A wide range of types of activity in mid-latitude Martian gullies has been observed over the last decade (Malin et al., 2006; Harrison et al., 2009, 2015; Diniega et al., 2010; Dundas et al., 2010, 2012, 2015, 2017) with some activity constrained temporally to occur in the coldest times of year (winter and spring; Harrison et al., 2009; Diniega et al., 2010; Dundas et al., 2010, 2012, 2015, 2017), suggesting that surficial frosts that form seasonally and diurnally might play a key role in this present-day activity. Frost formation is highly dependent on two key factors: (1) surface temperature and (2) the atmospheric partial pressure of the condensable gas (Kieffer, 1968). The Martian atmosphere is primarily composed of CO2and CO2 frost formation is not diffusion-limited (unlike H2O). Hence, for temperatures less than the local frost point of CO2, (~ 148 K at a surface pressure of 610 Pa) frost is always present (Piqueux et al., 2016). Typically, these frosts are dominated volumetrically by CO2, although small amounts of H2O frosts are also present, and typically precede CO2 frost deposition (due to water’s higher condensation temperature (Schorghofer and Edgett, 2006)). Here we use the Thermal Emission Imaging System (THEMIS) and the Thermal Emission Spectrometer (TES) onboard Mars Odyssey and Mars Global Surveyor, respectively, to explore the global spatial and temporal variation of temperatures conducive to CO2 and H2O frost formation on Mars, and assess their distribution with gully landforms. CO2 frost temperatures are observed at all latitudes and are strongly correlated with dusty, low thermal inertia regions near the equator. Modeling results suggest that frost formation is restricted to the surface due to near-surface radiative effects. About 49 % of all gullies lie within THEMIS frost framelets. In terms of active gullies, 54 % of active gullies lie within THEMIS framelets, with 14.3% in the north and 54% in the south.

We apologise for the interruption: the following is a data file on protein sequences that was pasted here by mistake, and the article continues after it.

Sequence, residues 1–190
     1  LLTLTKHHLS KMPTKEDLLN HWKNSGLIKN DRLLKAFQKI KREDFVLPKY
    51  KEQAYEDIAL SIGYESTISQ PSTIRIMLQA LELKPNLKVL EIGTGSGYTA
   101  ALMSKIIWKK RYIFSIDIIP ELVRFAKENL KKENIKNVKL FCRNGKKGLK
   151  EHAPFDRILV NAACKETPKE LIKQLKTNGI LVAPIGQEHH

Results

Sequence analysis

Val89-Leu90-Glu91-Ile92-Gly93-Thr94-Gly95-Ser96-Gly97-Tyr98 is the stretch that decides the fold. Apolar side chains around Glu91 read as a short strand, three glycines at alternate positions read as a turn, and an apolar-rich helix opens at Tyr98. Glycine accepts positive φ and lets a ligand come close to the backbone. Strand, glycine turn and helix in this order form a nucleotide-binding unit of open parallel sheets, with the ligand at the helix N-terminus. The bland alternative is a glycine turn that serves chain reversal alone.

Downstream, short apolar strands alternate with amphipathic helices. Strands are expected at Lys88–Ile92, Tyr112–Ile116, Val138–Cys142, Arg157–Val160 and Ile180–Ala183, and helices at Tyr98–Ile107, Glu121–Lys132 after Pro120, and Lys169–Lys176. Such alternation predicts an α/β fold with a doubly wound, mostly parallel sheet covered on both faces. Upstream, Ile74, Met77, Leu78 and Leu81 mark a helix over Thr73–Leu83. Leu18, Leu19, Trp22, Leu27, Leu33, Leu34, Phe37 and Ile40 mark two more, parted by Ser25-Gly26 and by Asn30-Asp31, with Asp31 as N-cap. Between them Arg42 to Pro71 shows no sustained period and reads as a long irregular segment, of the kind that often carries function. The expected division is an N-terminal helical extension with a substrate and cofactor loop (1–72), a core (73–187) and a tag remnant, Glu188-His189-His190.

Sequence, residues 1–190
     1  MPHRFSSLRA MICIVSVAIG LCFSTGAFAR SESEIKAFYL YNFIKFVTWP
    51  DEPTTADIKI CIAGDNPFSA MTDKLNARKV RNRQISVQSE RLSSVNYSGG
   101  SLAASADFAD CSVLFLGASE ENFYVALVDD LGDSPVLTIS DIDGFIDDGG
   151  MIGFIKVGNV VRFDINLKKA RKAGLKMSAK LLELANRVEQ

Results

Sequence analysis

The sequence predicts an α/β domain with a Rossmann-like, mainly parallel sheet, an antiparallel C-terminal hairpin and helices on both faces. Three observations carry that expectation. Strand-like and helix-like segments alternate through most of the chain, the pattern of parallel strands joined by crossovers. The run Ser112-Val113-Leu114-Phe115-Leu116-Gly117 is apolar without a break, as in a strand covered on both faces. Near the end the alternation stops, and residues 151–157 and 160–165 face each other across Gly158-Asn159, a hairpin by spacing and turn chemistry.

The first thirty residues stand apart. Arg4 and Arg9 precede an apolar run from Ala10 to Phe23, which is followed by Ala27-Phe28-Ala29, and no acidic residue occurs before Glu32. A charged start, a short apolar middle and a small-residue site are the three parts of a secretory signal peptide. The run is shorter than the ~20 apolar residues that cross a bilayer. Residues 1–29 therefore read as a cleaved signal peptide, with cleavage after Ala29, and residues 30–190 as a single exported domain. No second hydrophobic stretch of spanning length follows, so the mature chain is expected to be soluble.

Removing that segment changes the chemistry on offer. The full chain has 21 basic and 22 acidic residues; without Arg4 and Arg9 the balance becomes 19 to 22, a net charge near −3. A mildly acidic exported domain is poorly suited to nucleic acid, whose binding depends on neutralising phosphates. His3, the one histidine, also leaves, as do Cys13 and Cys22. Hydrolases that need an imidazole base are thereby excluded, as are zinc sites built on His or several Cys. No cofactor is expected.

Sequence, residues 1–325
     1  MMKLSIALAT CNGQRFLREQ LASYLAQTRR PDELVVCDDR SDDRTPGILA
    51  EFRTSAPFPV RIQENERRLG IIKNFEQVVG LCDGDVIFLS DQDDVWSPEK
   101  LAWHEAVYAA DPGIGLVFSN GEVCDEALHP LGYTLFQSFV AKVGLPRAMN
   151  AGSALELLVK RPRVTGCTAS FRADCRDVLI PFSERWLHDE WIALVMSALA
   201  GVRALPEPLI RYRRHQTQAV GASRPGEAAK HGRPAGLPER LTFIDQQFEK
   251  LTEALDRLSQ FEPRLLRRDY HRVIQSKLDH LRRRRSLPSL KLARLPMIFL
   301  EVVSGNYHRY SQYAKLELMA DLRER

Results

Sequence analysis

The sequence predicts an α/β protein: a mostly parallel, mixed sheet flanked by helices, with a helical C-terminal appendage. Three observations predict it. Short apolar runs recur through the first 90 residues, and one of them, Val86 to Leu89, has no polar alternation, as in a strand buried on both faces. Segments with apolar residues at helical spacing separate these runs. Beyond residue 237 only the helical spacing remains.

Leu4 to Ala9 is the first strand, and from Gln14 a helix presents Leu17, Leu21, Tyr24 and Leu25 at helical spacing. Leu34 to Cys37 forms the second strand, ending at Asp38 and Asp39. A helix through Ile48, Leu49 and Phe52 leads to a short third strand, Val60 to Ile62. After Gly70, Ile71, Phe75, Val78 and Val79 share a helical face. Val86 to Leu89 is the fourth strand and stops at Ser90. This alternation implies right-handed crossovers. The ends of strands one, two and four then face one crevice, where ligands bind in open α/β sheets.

Relatively small amounts of H2O frost (~ 10–100 μm) are also likely to form diurnally and seasonally. The global H2O frost point distribution follows water vapor column abundance closely, with a weak correlation with local surface pressure. There is a strong hemispherical dependence on the frost point temperature—with the northern hemisphere having a higher frost point (in general) than the southern hemisphere—likely due to elevation differences. Unlike the distribution of CO2 frost temperatures, there is little to no correlation with surface thermophysical properties (thermal inertia, albedo, etc.). Modeling suggests H2O frosts can briefly attain melting point temperatures for a few hours if present under thin layers of dust, and can perhaps play a role in present-day equatorial mass-wasting events (eg. McEwen et al., 2018).
Based on seasonal constraints on gully activity timing, preliminary field studies, frost presence from visible imagery, spectral data and thermal data (this work), it is likely that most present-day activity can be explained by frosts (primarily CO2, and possibly H2O). We predict that the conditions necessary for significant present-day activity include formation of sufficient amounts of frost (> ~20 cm/year) within loose, unconsolidated sediments (I < ~ 350) on available slopes. However, whether or not present-day gully activity is representative of gully formation as a whole is still open to debate, and the details on CO2 frost-induced gully formation mechanisms remain unresolved.